pthread switch (was Odd KSE panic)

Daniel Eischen eischen at
Mon Jul 5 04:44:26 PDT 2004

On Mon, 5 Jul 2004, Julian Elischer wrote:
> On Sun, 4 Jul 2004, Andrew Gallatin wrote:
> > The problem turned out to be that the worker thread was sleeping in
> > cv_wait_sig() on a cv which was used elsewhere in the driver.  When I
> > fixed this, pretty much everything got better.  I still don't
> > understand exactly what happened.  I have no idea if the worker woke
> > too early, or if the other place this cv was (mis)used was where the
> > early wake happened.  (this would be where mx_free() is called).
> > 
> > Anyway, it no longer crashes the machine.   Sorry to have wasted your
> > time.  
> > 
> > Now to figure out why libthr does pthread_cond_signal() in my scenario
> > 47us faster than libpthread... (ULE, 1 HTT P4 running SMP kernel)
> > 
> > Scenario is that the mainline thread sleeps waiting for a packet
> > (using pthread_cond_timedwait()) and the worker thread is asleep in
> > kernel.  When a packet arrives, the worker wakes up, returns from the
> > ioctl, does a pthread_cond_signal() to wakeup the mainline thread, and
> > goes back into the kernel to sleep (via an ioctl).  This is the sort
> > of scenario where I thought KSE would be faster than a 1:1 lib..

ULE & HTT & KSE is probably the most inefficient combination...
I find true SMP & 4BSD to be better for KSE (perhaps after
julian finishes his cleanup, things will be better).

> Actually it is the sort of scenario where it is not clear what is best
> ;-)
> The mainline thread is asleep in userland. thus to become active, if
> there is no running kernel thread to run it, one needs to be woken up
> from the kernel and made to upcall to userspace to be assigned to run
> the thread. This is pretty much what is happenning in M:M threads. (1:1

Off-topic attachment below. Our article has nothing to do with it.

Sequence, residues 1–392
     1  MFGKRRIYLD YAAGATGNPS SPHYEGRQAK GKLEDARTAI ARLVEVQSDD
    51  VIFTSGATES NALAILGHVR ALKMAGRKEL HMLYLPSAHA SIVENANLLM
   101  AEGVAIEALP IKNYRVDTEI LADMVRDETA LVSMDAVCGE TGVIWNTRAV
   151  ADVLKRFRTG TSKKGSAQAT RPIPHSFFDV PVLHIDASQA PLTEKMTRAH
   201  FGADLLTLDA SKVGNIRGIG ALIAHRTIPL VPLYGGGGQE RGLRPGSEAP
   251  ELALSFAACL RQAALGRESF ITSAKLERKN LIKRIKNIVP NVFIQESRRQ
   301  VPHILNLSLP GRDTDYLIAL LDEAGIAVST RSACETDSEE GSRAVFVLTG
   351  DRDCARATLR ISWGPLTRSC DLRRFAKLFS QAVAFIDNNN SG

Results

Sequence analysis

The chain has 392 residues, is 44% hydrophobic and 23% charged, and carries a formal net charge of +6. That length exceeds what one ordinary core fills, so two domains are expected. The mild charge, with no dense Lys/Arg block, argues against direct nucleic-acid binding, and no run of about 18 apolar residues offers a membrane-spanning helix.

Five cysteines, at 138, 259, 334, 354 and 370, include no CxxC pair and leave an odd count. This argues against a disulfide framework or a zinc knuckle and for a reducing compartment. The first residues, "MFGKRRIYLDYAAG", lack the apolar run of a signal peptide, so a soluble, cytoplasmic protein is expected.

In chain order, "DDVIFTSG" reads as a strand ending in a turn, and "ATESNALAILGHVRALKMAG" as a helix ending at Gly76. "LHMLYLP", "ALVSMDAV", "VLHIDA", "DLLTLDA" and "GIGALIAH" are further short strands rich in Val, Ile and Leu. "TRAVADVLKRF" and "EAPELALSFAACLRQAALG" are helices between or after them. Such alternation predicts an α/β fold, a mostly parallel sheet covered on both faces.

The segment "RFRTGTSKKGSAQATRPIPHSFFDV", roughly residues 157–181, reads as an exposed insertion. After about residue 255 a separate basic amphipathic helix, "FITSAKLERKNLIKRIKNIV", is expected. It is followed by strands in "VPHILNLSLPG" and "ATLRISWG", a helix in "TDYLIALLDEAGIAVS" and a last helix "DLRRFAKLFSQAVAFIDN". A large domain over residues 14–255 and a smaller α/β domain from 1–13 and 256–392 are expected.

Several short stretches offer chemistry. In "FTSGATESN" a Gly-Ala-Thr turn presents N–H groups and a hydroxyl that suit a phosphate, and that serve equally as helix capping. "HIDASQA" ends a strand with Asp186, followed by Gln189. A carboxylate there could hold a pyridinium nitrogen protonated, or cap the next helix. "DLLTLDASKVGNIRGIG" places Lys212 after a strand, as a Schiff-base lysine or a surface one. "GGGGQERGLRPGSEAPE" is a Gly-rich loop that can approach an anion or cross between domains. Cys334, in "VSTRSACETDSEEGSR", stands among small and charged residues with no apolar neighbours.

> is in my opinion a non threadded app :-) Except that in KSE there is
> more overhead to do it.. One thing that could be tuned in KSE to make it
> a lot faster is to reverse the order that the threads are run in the
> following way:
> ------ currently:
> Kernel thread 1 returns from waiting for the packet, and as user thread
> A, signals (enters) the UTS to make user thread B runnable. The UTS
> realises that there is no kernel thread currently running to run thread
> B, and enters the kernel to wake one up, and returns to userland, in
> order to re-enter thread A and go back into teh kernel to wait for the
> next packet.

Actually, the UTS doesn't really think of it in terms of creating
new kernel threads.  It only sees idle and non-idle KSEs.

> Kernel thread 2 is started up some time after it is awoken and enters
> userland via an upcall and is assigned thread B to run.
> This is all assuming there are 2 (or more CPUS).
> If there is only one CPU then when user thread A sleeps in the kernel,
> the kernel thread (1) is allowed to upcall back to the UTS and take on 
> user thread B.

This is true regardless of the number of CPUs, unless you have
system scope threads.  Any blocking in the kernel will result
in an upcall.

> ------ the changed version:
> Kernel thread 1 returns from waiting for the packet, and as user thread
> A, signals (enters) the UTS to make user thread B runnable. The UTS
> realises that there is no kernel thread currently running to run thread
> B it enters the kernel briefly to make another thread wake up and
> upcall, and then suspends thread A, and takes on thread B.
> Eventually th e upcall occurs and thread A is assigned to the newly
> awoken thread and re-enters the kernel, waitign for the next kernel.
> ------------
> Dan, can the 2nd version happen now? 
> can Drew make it happen by assigning a higher priority to thread B?

No, not yet; pthread_cond_signal() and pthread_mutex_unlock() are
not currently preemption points.  I'm not sure that you would want
pthread_cond_signal() to be a preemption point -- I'd imagine that
a lot of applications would do something like this:

	/* sleeping */
	pthread_cond_wait(&cv, &m);

	/* waking up */
	if (foo->sleeping_count > 0) {

If you make pthread_cond_signal() a preemption point, then you
would get some ping-pong-like effect.  The newly awoken thread
would block again on the mutex.

With a small number of threads, it probably doesn't make sense
to have more than one KSE (unless they are mostly CPU-bound).
In Drew's example, there are 2 KSEs (HTT enabled) and only 2 threads.
Each time a thread sleeps, the KSE enters the kernel to sleep
(kse_release()) because there are no other threads to run.

Drew, can you try lowering the concurrency?  You can
either try using pthread_setconcurrency(1) or setting

Julian, why does it take so long for the woken KSE to become


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